An unlikely team of volunteers smuggle abortion pills through Poland to Ukraine : Rough Translation One weekend. An amateur smuggling operation. A wartime mission. The story, in collaboration with Radiolab.

Ukraine: Under The Counter

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A doctor sees an essential medicine is needed in Ukraine and assembles a group of strangers to get it there. Oksana Drachkovska for NPR hide caption

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Oksana Drachkovska for NPR

A doctor sees an essential medicine is needed in Ukraine and assembles a group of strangers to get it there.

Oksana Drachkovska for NPR

In the weeks following the full-scale invasion of Ukraine, a young doctor in Germany read that abortion pills were urgently needed. She knew that the pills, mifepristone and misoprostol, are considered essential medications, and are legal in Ukraine. But getting the life-saving drugs into a country at war meant getting creative. So Vicki and her boyfriend Ari called on friends and strangers to pull off a high-stakes medical mission that unfolded in a legal gray zone.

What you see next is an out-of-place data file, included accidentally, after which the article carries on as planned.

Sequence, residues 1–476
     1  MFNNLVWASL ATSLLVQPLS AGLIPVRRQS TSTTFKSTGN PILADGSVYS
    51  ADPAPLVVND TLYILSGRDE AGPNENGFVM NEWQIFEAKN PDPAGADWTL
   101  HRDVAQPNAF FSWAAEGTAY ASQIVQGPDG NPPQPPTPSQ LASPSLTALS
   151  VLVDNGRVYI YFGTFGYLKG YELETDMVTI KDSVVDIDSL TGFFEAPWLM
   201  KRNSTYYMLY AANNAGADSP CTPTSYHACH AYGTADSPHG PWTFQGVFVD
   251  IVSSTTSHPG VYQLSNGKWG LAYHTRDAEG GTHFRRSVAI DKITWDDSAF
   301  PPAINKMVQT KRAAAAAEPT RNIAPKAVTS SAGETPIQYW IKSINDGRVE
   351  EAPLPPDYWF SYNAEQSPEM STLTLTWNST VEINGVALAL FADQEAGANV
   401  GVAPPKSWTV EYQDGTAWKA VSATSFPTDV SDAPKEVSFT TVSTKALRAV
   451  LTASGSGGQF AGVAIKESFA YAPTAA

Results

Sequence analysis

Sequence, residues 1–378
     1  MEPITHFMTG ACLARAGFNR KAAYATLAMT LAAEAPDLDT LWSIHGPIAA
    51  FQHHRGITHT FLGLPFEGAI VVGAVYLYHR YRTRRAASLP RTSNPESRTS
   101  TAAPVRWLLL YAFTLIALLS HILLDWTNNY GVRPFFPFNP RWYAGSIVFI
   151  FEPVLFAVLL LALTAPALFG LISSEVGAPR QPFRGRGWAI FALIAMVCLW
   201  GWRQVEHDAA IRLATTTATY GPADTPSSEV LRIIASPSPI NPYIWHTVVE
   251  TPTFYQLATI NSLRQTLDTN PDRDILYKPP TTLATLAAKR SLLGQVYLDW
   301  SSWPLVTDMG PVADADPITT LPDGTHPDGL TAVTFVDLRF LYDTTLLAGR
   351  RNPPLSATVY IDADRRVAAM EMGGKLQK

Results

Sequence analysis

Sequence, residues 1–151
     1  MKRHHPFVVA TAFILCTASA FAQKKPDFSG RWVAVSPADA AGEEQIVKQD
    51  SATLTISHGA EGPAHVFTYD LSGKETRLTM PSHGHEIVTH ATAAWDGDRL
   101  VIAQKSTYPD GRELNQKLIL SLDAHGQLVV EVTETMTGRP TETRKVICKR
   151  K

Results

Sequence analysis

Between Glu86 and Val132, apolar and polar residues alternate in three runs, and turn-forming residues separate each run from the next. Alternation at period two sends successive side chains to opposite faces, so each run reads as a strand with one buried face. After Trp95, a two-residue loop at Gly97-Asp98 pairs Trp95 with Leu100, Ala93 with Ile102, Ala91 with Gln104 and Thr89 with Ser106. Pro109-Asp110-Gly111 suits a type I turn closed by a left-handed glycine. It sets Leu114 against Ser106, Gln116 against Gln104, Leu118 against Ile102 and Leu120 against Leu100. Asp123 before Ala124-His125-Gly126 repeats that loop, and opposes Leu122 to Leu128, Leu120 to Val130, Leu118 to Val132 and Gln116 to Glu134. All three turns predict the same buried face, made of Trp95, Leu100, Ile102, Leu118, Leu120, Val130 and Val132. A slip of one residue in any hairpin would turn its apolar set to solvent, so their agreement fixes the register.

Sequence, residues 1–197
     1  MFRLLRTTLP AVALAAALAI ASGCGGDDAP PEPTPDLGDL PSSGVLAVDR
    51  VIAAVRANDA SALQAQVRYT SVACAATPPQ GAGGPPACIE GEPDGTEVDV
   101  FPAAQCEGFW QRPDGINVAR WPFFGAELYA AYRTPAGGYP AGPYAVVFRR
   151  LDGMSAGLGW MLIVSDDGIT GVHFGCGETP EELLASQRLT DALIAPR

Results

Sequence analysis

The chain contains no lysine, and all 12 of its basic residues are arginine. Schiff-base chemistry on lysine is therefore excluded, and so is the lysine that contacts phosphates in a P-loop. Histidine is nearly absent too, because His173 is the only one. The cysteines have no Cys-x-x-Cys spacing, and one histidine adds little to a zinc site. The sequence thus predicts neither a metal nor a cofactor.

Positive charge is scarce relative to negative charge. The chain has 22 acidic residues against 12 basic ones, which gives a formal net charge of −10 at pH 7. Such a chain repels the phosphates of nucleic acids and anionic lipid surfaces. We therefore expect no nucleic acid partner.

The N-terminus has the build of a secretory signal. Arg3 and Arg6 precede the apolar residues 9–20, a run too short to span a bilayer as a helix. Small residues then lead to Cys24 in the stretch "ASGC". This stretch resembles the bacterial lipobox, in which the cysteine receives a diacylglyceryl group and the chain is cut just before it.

Everyone involved has concealed their role in the operation. Until now.

From reporter Katz Lazlo, and in collaboration with Molly Webster of Radiolab, the story of how a simple plan turned into a complicated legal and logistical puzzle, requiring strangers to put enormous trust in one another.

After news broke about atrocities – including sexual violence – committed in occupied territories, this unlikely team came together to transport thousands of medical abortions through Poland, a country with some of the strictest abortion laws in Europe. The key people involved risked jail time, and their careers, to seize the moment and try to help.

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